As a small business owner, it is crucial to understand the importance of uniforms in creating a professional and cohesive image for your brand. Uniforms not only provide a consistent and polished look for your employees, but they also serve as a powerful marketing tool. By wearing uniforms with your company logo, you can effortlessly promote your brand and make a lasting impression on customers. Additionally, uniforms help to establish a sense of unity and team spirit among your employees, fostering a positive work environment and improving productivity. In the competitive world of small businesses, investing in uniforms can make a significant difference in how your company is perceived and ultimately contribute to its success. Among all the other priorities you face as a small business owner, it is easy to get overwhelmed when considering uniforms. We have put together this guide to help.
Where do you start?
Your uniform requirements are going to depend on a few key things. Establishing an answer to each of these is a good starting point to create your uniform policy and begin sourcing garments.
- What activities will be performed while wearing them
- Number of rolls in your company
- The climate you are in
- The industry you are in
What activities will be performed in the uniform?
The activities may range from sitting at a desk most of the day to working on clients or chasing after animals. You may even have multiple activities within one roll or your organisation. Take a Chiropractor Office for example, the receptionist would have a different requirement to the doctor who performs the service.
How many different rolls in your company?
Once you know the activities your staff will be performing, you can also break it down into rolls. Using your uniform to help distinguish between rolls can be particularly useful for companies that have people that provide different services working in the same area. An example of where you see this in practice is when you go to an emergency room. The doctors wear a different colour scrub to the nurses who then wear a different colour to the consulting surgeons. Depending on your company structure, this question may not always be relevant and if not you can move to considering climate.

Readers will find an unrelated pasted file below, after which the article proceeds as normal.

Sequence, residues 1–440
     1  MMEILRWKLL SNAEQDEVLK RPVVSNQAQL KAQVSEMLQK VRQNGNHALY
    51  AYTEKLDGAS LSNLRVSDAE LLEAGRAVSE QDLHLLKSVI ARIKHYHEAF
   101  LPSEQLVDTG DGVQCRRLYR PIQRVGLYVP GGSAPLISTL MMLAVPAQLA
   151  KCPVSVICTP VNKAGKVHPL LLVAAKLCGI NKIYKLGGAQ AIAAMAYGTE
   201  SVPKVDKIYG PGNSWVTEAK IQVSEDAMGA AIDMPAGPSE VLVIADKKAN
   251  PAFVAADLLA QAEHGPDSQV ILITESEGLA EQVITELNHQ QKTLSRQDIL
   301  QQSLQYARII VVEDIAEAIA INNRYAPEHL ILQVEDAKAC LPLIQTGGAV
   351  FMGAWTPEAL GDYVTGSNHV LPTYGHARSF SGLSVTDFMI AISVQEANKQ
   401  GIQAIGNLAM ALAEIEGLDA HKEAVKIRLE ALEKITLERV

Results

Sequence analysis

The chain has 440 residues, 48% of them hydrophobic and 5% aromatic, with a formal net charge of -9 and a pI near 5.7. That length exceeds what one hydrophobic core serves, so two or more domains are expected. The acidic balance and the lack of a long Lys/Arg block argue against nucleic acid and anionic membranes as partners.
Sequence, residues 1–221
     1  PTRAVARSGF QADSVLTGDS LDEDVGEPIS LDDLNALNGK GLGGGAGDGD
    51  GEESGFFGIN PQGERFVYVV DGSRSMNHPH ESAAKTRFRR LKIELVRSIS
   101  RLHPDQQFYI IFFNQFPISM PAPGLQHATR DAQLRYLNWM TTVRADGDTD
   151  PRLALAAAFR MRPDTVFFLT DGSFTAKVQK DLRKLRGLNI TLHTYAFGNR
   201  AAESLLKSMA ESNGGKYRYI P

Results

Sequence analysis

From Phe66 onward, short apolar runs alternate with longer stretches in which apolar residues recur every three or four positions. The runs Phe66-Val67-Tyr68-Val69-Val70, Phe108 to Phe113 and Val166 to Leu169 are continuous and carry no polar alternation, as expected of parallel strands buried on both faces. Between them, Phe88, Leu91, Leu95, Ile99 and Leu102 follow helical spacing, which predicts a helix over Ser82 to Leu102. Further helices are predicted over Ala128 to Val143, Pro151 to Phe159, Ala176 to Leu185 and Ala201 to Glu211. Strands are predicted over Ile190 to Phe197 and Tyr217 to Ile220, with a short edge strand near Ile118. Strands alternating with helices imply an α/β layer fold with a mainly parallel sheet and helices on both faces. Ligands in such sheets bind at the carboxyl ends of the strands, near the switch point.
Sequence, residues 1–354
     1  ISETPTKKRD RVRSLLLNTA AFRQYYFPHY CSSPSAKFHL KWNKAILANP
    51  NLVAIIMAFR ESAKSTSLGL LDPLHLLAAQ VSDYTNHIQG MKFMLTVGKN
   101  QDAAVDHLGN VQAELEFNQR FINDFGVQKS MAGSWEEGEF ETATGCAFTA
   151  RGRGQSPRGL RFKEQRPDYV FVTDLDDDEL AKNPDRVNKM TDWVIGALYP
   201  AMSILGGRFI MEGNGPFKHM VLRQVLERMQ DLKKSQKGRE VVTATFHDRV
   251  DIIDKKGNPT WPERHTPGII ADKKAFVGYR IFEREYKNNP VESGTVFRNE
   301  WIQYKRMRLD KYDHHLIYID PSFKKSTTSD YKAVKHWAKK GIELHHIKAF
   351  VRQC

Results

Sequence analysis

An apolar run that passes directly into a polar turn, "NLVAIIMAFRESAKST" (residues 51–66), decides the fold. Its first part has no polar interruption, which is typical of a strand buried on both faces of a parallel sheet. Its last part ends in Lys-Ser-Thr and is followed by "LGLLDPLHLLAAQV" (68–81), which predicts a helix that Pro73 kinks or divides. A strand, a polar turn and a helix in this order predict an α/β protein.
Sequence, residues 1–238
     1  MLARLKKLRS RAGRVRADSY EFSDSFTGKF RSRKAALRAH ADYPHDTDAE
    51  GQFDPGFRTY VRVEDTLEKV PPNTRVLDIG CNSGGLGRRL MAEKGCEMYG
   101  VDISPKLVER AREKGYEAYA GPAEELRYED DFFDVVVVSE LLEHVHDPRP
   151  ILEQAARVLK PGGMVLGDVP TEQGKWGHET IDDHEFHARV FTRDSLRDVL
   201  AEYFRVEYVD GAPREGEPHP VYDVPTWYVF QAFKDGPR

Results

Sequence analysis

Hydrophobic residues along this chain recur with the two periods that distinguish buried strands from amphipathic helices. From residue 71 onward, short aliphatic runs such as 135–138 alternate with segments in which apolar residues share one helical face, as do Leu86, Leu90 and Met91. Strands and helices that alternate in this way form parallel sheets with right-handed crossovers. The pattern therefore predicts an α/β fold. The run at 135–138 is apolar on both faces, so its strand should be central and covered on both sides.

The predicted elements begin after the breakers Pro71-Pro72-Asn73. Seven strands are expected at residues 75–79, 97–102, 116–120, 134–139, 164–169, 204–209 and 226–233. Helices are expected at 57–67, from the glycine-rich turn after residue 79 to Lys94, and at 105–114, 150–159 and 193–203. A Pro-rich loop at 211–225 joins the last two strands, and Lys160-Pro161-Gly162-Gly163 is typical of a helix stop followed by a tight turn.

What climate are you in?
Reviewing your climate may seem irrelevant to uniform choice but think of it like you are going on holiday in winter. What you pack for a week in Thredbo is going to be very different for a week in Darwin. Uniforms are the same. If your business is based in a warmer climate, you are less likely to need thick jumpers but more likely to want a moisture wicking fabric. Similarly if you are located in a colder climate, you may want to add a thicker jumper to your uniform and fabric properties such as moisture wicking are a nice to have rather than a necessity.
What does your industry require?
Your first step should be to understand any PPE or industry regulations that is relevant to your company. For example, do you work in aged care where you are not allowed to wear long sleeves while on duty. The world of uniforms is large, having this list will help you filter out products that are not suitable for your staff.
Still feeling a bit overwhelmed? We have put together a few industry collections to help. It is important to remember that products displayed in these collections can be used for any industry this is just to get your started.